It’s 10 minutes past noon in the historic San Juan neighborhood of Miramar, and Benito Antonio Martínez Ocasio is hiding just out of sight, in a coral-colored speakeasy behind a ghost kitchen on a street that snakes to the beach. The chameleonic reggaeton supernova known as Bad Bunny is sitting at a corner table before an ever-growing feast of garlic knots and meatballs and two untouched pizzas, one pepperoni, one Hawaiian.
For once, he’s doing nada, the 29-year-old tells me in his blithe baritone. “It’s been my quietest day, with nothing to do.” This latest trip home came on a whim. “Summer came, a couple of great reggaeton songs came out, and I said, ‘I’m off. I’m going to Puerto Rico—like a vagabond.’”
Martínez had declared a year of rest after cementing himself as one of the most thrillingly prolific artists working today, a powerhouse whose superlatives include a Grammy album of the year nomination, more Spotify streams in 2022 than 叠别测辞苍肠é or Taylor, and the launch of the highest-grossing tour ever by a Latin artist, El ?ltimo Tour del Mundo (in support of two of the three albums he’d released in 2020 while the rest of us were dabbling in tie-dye). After the final stop, Martínez dropped another album: the culture-cracking critical obsession Un Verano Sin Ti, a sex-drenched beach party with a streak of political resistance. Then, he embarked on a second 2022 tour, The World’s Hottest, shattering Ed Sheeran’s record for highest grossing (though Taylor and 叠别测辞苍肠é may beat them both this year). Then he headlined Coachella—the first Latin artist ever. Somewhere in all this, there’s Kendall Jenner.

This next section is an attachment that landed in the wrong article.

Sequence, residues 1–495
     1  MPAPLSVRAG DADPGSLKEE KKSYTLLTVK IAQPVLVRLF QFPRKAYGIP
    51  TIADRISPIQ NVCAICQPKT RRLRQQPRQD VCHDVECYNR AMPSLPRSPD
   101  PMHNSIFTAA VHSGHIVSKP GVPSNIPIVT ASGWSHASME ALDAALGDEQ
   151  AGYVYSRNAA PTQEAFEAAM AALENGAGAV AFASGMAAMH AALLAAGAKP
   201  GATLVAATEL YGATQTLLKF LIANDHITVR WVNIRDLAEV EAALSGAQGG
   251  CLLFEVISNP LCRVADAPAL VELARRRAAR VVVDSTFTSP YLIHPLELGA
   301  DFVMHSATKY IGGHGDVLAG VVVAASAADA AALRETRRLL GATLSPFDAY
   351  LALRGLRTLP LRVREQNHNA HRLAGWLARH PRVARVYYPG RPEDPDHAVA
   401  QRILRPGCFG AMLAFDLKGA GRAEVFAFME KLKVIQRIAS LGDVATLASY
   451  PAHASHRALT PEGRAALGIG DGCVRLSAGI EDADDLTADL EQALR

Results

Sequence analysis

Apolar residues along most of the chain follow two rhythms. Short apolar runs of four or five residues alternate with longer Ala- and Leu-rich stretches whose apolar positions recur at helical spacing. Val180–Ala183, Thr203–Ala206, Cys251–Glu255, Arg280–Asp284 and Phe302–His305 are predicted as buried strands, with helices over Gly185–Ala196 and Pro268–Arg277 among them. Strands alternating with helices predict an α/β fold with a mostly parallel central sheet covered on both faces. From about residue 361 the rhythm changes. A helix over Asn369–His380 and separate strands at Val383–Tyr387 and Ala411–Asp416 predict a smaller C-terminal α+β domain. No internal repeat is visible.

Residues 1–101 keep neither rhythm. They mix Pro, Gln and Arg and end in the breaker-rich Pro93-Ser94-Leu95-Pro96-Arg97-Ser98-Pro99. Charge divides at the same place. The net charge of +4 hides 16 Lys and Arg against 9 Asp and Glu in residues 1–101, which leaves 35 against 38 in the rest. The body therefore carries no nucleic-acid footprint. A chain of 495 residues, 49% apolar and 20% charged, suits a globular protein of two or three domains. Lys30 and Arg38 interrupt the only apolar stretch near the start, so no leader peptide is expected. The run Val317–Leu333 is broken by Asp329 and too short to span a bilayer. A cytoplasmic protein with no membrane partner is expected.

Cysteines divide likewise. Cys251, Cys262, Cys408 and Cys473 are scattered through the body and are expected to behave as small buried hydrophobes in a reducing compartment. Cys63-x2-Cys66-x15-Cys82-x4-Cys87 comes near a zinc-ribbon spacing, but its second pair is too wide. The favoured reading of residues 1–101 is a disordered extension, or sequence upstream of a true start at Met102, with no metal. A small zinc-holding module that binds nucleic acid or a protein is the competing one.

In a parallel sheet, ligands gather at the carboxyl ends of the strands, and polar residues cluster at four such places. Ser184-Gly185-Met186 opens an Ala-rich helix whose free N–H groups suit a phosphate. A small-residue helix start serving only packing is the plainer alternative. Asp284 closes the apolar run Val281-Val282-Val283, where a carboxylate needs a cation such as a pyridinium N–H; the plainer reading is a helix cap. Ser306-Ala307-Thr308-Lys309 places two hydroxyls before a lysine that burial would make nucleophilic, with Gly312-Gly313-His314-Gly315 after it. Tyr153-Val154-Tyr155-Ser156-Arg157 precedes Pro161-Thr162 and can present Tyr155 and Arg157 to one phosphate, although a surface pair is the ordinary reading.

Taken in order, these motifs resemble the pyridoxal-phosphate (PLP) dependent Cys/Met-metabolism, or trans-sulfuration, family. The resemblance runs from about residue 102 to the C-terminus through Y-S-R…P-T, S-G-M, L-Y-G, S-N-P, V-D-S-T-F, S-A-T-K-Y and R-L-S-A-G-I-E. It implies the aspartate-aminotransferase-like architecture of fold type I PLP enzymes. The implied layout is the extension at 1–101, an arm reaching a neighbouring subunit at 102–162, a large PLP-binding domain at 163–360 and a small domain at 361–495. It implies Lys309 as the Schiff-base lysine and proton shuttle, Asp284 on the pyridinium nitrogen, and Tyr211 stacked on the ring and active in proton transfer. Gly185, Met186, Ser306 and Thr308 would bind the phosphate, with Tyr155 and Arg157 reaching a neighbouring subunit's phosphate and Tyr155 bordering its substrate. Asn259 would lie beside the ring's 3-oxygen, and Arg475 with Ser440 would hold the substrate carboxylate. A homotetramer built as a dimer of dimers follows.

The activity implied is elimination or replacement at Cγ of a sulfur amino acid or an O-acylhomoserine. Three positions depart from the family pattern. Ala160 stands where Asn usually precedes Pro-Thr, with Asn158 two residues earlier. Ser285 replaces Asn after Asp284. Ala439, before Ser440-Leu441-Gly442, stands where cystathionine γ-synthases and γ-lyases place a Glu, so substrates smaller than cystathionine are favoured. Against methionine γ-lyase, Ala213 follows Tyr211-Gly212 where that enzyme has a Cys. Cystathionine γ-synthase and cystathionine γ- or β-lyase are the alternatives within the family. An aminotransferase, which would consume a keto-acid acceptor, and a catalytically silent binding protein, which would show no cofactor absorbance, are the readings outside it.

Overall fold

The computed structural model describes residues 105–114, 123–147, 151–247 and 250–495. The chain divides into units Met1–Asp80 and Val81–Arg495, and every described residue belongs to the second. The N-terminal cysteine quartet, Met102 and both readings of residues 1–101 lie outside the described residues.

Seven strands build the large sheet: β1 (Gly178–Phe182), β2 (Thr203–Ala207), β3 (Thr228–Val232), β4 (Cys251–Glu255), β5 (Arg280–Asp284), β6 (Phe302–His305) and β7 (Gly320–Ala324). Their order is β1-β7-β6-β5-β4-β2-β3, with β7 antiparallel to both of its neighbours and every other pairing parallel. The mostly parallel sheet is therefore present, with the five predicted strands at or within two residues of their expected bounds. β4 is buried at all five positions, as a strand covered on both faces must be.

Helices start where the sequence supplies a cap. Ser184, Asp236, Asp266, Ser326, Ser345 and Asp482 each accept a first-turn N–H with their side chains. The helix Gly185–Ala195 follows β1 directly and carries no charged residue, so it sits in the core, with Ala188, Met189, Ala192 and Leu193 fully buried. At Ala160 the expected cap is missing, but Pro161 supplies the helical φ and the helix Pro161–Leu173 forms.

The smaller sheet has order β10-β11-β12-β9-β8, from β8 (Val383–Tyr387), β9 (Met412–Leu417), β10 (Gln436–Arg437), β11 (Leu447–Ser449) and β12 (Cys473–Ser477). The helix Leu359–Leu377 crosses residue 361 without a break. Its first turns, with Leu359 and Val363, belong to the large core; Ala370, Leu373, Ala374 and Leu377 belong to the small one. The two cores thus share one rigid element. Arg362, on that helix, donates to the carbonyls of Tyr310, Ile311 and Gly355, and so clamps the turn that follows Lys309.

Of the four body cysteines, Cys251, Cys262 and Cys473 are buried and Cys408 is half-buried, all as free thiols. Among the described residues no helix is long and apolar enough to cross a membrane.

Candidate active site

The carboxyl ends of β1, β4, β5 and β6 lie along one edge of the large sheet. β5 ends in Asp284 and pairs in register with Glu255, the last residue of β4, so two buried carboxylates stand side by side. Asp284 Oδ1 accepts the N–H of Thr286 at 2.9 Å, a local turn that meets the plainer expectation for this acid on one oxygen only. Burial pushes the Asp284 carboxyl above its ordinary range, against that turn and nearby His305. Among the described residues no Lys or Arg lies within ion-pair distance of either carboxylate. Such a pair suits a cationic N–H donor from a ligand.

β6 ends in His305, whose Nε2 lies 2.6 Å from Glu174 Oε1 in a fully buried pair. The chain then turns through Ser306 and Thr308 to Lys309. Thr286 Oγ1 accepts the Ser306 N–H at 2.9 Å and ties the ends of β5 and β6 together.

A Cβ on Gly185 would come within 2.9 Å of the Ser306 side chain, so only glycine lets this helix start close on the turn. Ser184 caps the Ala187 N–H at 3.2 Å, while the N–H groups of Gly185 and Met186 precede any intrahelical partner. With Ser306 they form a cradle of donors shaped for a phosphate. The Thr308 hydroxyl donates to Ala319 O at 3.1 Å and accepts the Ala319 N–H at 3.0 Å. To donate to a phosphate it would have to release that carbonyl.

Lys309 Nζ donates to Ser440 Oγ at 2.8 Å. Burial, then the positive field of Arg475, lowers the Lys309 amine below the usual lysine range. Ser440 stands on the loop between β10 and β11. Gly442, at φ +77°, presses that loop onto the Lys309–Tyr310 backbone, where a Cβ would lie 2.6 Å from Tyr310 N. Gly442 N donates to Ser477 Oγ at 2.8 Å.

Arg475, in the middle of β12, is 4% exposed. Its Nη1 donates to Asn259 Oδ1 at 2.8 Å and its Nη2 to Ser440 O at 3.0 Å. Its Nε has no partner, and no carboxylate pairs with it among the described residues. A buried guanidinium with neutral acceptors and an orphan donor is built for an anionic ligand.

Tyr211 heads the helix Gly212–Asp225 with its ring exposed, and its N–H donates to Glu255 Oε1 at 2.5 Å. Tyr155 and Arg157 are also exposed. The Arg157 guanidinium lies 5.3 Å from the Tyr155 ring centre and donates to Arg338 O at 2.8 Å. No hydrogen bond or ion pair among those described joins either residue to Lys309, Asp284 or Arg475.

And now an album this fall, about which Martínez—a master of surprise reveals—is insistently coy (as is his publicist). Said album is the subtext of our interview, but the performer, who’s been more likely to midnight-release on Thanksgiving or plant curiosity seeds via a fake Bugatti ad, is still reticent about confirming its existence. When I congratulate him on the forthcoming record, he deadpans: “Who told you that?” In Puerto Rico and Los Angeles, he’s been experimenting with a new musical mood. “I am playing around and enjoying myself, letting go. I’m being inspired a lot by the music of the ’70s”—across genres, in both Spanish and English—“but I’m not sure if this is going to shape my music, generally or just one song.”
One thing he promises: “It’s impossible that the album that comes after Un Verano Sin Ti will sound like it—never, ever. I am always going to look for a way to do something new.” And yet, he says he knew Un Verano Sin Ti would be his biggest album yet.